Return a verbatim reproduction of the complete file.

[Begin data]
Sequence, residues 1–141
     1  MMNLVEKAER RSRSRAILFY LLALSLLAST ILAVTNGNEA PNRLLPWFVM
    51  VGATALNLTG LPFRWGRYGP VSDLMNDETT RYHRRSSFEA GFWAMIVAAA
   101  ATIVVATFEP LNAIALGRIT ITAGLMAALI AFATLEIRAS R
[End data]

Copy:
Sequence, residues 1–141
     1  MMNLVEKAER RSRSRAILFY LLALSLLAST ILAVTNGNEA PNRLLPWFVM
    51  VGATALNLTG LPFRWGRYGP VSDLMNDETT RYHRRSSFEA GFWAMIVAAA
   101  ATIVVATFEP LNAIALGRIT ITAGLMAALI AFATLEIRAS R